10 questions: Maja Ardal

1) What the fuck is going on?
We don’t talk on the phone any more. We silently communicate by email. Is this good? In a way. The phone is a most peculiar instrument; I mean I could be talking to someone who’s making faces at me and I’d never see it.

Emailing can feel like letter writing, which is good. Except that it is so fast, I wonder if the poetry and ruminations of the old writing-by-hand method is being lost. One thing we must never do on email is to get angry. I have learned that angry or passive-aggressive email can do terrible damage. People keep nasty emails, so they can use them for later. Long after the war is over . . .

2) What have been some of your biggest creative challenges since becoming Artistic Director of Nightwood Theatre?
Creative challenges of Nightwood . . . you know, there are so many creative people on standby to be invited to do their shows, or act, or design, that the only real problem is to find the money space and time to let the artists “go at it”.

3) Are there any overarching themes or ideas that are common to the work being presented in Nightwood’s current season?
The theme for this season is, “Women who refuse to behave. A risky business.” Right now, a nanking winter by Marjorie Chan is on at The Factory Theatre. It’s about a writer who exposed a terrible historical event, and then has to face attack for daring to do it.

4) During your time as Artistic Director for Toronto’s Young People’s Theatre, did you arrive at any conclusions about theatre and its relationship to at-risk communities?
Yes. So much TYA is trying to show kids the way the world should be. They paint a politically correct perfect picture. But I think kids at risk, in areas such as poverty, or bullying, or abuse, can see through that crap. I think two kinds of theatre work for communities at risk:

One is to do good theatre that acknowledges their truths, and helps them to discover courage in themselves, and maybe that theatre should come right into their community.

The other way is to make theatre available that gives them a fabulous time, sitting in a big house, with all the bells and whistles, and great acting/singing/dancing/writing . . . a good story that transports them, without patronizing them . . . you know, ENTERTAINMENT!

5) How important is it for theatre makers to be actively challenging systems of oppression in their work?
We shouldn’t be doing theatre unless we have a passion and understanding of how things work in the world, in our world, how others are handling life. Otherwise it is a wank. We should try to influence the thinking of those we do theatre for. It is by acknowledgment of the way things are for people that we can create exciting theatre that promotes the challenge of authority and the bravery we need to demand a better world, justice, truth.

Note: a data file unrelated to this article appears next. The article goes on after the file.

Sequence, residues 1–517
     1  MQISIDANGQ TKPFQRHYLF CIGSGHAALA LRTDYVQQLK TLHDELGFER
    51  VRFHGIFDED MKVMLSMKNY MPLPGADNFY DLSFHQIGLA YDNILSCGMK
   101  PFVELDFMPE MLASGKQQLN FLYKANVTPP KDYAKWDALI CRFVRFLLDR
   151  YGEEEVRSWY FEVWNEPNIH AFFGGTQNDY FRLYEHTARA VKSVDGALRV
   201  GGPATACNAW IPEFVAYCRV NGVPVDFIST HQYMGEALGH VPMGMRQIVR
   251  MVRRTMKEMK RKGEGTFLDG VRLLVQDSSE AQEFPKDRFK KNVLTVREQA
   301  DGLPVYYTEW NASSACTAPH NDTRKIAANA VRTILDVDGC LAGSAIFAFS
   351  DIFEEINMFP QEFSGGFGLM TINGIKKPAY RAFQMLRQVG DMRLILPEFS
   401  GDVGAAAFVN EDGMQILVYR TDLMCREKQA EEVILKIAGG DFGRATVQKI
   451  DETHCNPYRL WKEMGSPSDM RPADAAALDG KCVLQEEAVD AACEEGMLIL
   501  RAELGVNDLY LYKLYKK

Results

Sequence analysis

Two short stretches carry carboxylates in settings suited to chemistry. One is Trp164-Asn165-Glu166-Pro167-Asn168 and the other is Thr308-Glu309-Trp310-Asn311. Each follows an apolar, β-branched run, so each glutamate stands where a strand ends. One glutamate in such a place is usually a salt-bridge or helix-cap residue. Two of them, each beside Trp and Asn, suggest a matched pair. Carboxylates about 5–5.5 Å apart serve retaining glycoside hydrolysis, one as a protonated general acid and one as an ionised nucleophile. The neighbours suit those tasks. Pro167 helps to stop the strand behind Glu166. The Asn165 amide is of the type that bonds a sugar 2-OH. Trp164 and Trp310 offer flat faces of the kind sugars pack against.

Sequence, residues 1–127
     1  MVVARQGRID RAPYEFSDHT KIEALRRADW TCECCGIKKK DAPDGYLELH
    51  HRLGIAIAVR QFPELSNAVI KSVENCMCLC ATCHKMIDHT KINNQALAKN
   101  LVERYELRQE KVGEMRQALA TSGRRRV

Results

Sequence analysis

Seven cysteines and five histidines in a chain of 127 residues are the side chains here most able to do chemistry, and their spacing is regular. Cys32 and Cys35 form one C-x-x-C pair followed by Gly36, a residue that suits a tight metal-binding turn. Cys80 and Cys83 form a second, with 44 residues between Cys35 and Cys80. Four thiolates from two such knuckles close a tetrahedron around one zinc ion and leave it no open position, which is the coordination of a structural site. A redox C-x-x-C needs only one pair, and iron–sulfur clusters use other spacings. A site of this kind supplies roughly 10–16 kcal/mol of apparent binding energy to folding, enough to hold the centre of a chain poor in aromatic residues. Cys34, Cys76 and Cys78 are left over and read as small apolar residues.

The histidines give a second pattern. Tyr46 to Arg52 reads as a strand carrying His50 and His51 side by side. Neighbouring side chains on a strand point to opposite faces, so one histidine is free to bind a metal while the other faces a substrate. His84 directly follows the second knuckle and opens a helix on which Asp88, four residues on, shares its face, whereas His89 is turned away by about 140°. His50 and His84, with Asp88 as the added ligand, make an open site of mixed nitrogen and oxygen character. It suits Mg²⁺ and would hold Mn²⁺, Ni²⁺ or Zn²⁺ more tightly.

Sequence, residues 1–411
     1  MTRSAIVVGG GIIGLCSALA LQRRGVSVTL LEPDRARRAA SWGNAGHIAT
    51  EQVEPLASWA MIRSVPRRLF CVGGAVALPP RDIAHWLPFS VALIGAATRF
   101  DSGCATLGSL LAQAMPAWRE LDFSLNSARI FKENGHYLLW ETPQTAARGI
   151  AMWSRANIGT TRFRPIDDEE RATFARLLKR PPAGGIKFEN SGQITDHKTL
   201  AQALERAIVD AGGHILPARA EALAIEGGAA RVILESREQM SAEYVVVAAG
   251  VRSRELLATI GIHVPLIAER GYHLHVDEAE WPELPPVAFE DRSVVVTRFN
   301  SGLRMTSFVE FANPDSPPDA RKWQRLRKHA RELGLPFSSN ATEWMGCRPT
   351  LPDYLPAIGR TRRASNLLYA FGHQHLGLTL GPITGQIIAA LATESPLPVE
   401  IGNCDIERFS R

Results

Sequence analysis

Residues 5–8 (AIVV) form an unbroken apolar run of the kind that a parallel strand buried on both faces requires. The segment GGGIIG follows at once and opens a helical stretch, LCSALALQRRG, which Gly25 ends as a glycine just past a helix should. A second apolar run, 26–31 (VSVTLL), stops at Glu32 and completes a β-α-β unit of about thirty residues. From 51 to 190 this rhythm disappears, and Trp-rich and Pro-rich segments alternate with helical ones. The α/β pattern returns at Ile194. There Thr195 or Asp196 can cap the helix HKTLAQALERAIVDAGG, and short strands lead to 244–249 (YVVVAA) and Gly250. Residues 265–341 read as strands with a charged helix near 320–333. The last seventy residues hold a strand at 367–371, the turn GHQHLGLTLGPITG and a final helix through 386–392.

6) Is children’s theatre an effective “gateway drug” for turning kids into long-term theatre patrons?
No. So long as we herd hundreds of children into a theatre, they will behave like a herd, and not like individual theatre patrons. If we come to their school, they will treat us like part of their education.

7) What qualities do you look for when committing to the development of an emerging artist?
An awareness of the world, and a fabulous imagination. A way with words.

8) Do you have any unifying theories about the role of formal education in shaping theatre artists?
It’s great to hang out with other emerging theatre artists. But unfortunately too many professional theatre training programmes are training kids of privilege, because they are the only ones who can afford to dream. Humber College, however, is one program that tries to bring a diversity of students in areas of race and privilege.

9) How do you feel about the fact that so many members of your family are active in the theatre community?
They are hugely gifted people, so I am proud. I used to worry when they were unemployed, but they are so seldom out of work, I now only have to worry about myself.

10) How much of your approach to storytelling is informed by your experience with Icelandic narrative traditions?
My mother told me stories of our family as I was growing up. She kept the whole world of our ancestors and relatives alive in my imagination, and her stories were and are fantastic. Storytelling is what Icelanders did during the long dark winters. And there are more poets and published writers per capita than anywhere else in the world, I understand. It is no wonder that two of my plays are so inspired by storytelling tradition, especially You Fancy Yourself, in which I perform 12 characters on a journey that crosses the cultures of Iceland and Scotland.